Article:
“To have the chance to do that again, is going to feel normal. Normal is something that we’ve strived for for the last year-and-a-half. We’ve looked for it. We’ve tried to find it in various moments in our lives, and to be able to say, ‘This is a normal moment,’ it’s a simple sentence, but it carries an awful lot of weight after everything that’s gone on over the last year-and-a-half.”
THE NCAA OFFICIAL
Megan Hall and her NCAA colleagues have spent more than a year coming up with contingency plans, and she expects there to be some on-the-fly adjustments once they’re on site trying to manage this year’s College World Series.
It’ll be different. And hectic. And unpredictable.
But there’s something about the idea of seeing a full-capacity TD Ameritrade Park that has Hall energized.
The moment when all eyes lock on the video board to watch a CWS intro video that she and a team from Van Wagner Productions collaborated on. The moment when that first pitch zips across the plate. The moment when the fans erupt at the first spectacular defensive play or majestic home run.
“One-hundred percent capacity, it makes my job a lot easier and a lot more fun,” Hall said. “It won’t be completely normal but I’m looking forward to having a full crowd and feeling that energy and being able to feed off it.”
Hall is an assistant director of championships, alliances and game presentation with the NCAA, a role she’s held for three years. Her job is to enhance the CWS experience — for players, their families, the fans and anyone else who walks through TD Ameritrade Park.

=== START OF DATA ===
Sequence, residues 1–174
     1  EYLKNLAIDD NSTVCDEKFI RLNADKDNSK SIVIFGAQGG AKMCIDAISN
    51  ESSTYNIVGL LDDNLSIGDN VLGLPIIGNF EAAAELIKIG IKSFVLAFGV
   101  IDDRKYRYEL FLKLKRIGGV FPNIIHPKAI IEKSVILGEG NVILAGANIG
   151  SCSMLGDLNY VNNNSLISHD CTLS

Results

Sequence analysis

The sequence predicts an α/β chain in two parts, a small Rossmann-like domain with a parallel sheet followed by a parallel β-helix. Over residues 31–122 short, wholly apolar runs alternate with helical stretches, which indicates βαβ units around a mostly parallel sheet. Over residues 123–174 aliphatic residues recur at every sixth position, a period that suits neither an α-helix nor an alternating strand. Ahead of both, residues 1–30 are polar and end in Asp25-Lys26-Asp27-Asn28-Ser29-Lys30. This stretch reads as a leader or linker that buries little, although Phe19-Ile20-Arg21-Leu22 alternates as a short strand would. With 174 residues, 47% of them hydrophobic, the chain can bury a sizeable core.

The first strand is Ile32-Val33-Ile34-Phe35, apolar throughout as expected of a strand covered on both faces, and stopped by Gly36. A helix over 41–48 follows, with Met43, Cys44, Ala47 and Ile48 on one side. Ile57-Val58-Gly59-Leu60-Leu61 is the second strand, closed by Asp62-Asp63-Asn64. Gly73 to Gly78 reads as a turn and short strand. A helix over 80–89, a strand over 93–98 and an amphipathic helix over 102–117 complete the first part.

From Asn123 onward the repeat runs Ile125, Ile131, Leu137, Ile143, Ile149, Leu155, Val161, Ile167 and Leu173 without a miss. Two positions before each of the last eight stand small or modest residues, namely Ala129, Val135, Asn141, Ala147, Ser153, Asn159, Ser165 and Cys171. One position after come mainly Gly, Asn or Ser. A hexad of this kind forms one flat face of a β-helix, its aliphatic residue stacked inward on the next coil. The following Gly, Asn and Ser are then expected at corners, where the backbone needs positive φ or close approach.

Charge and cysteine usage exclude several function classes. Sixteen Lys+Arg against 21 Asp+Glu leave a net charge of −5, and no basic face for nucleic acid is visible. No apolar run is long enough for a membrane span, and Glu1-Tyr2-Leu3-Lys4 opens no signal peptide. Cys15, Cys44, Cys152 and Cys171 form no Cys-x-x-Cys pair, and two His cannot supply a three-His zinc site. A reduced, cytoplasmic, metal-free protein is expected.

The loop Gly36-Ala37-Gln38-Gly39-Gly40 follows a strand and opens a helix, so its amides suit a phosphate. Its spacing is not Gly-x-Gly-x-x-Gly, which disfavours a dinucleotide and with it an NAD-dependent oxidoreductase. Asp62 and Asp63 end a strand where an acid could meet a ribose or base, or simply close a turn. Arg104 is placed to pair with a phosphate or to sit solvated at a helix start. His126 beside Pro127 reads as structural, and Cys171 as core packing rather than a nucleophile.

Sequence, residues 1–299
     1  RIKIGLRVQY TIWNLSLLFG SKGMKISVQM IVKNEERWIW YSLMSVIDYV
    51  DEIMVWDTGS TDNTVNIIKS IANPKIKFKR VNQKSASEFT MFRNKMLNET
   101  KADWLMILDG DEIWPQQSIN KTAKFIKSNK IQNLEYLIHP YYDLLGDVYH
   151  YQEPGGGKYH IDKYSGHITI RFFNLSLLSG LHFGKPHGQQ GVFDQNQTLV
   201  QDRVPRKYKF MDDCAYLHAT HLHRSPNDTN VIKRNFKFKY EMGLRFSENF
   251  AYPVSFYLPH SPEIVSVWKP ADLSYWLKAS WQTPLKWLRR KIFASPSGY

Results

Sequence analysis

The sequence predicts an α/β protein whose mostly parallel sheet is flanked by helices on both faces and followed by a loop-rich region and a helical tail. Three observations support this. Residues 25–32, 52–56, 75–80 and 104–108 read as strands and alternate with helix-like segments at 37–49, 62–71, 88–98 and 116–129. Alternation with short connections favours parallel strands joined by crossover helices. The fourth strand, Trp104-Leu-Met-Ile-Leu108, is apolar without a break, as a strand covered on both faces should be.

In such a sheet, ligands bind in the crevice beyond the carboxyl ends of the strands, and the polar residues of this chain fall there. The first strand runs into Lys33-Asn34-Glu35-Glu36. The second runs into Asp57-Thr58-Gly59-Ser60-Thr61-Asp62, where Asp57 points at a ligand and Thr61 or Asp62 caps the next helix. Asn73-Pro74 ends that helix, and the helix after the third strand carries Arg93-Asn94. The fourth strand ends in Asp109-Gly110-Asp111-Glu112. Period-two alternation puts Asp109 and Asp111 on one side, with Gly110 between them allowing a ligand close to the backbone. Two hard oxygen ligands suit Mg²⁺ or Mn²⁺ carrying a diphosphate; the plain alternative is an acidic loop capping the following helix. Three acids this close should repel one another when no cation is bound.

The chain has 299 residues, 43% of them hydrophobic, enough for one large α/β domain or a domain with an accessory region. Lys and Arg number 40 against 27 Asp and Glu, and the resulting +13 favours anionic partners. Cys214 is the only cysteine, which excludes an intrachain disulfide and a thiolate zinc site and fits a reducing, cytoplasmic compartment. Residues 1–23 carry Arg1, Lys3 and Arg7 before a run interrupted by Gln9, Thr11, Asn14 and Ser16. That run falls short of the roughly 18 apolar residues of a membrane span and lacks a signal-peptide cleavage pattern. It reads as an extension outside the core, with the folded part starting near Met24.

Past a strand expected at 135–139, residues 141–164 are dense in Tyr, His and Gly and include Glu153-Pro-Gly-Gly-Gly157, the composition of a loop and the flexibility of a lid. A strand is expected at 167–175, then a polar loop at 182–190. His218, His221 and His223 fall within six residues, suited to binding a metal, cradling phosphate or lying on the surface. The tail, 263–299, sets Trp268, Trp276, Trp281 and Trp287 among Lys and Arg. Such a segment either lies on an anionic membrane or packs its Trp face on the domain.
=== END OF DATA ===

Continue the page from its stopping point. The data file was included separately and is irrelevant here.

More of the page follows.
She and her team are always full of ideas.
It’s just that this year, they had to think differently.
The opening ceremonies did not take place. The NCAA’s Fan Fest is limited. There won’t be on-field promotions to liven up the between-innings pauses (though keep an eye out in the stands instead). The national anthem will be virtual during pregame, at least until the CWS finals.
“For us, it’s been, how can we pivot and do something different, and make it fun?” Hall said. “Just rethinking how we do things.”
This year, they’ll have themed nights at the ballpark and giveaway days. They’ve tried to come up with creative video elements on the big screen to grab fans’ attention.
And they’re still brainstorming, tweaking and maneuvering, Hall said, even as the CWS opens Saturday.
“We’re going to walk through things and we’ll have to adjust then,” she said. “And then after we get through a game, there’s going to be more adjustments. You can’t be afraid of making mistakes and learning.”
That’s been evident the past several months as Hall and her colleagues have worked to conduct fall and spring championships during a condensed calendar. She helped out with the men’s Final Four, hockey and volleyball in a month’s time. Then women’s lacrosse in May.
She’s been in baseball mode ever since, though, pondering the scenes as she prepares for this signature event.
“I am looking forward to being back in Omaha and being back in the community — I know this championship means so much here,” Hall said. “There are still health and safety protocols in place, but I think we’ve got some exciting things planned.”
Saturday begins a stretch of 14-hour days. Every day. Until the College World Series ends either June 29 or June 30.
But the chefs at TD Ameritrade Park know the deal. And everyone could use some comfort, especially after the past 15 months.
“We thought about how people really wanted to get back to the series, and what that meant,” said Chris Myers, an executive sous chef with Levy Restaurants, which operates the ballpark concessions. “For me, it means a hot dog and a beer.”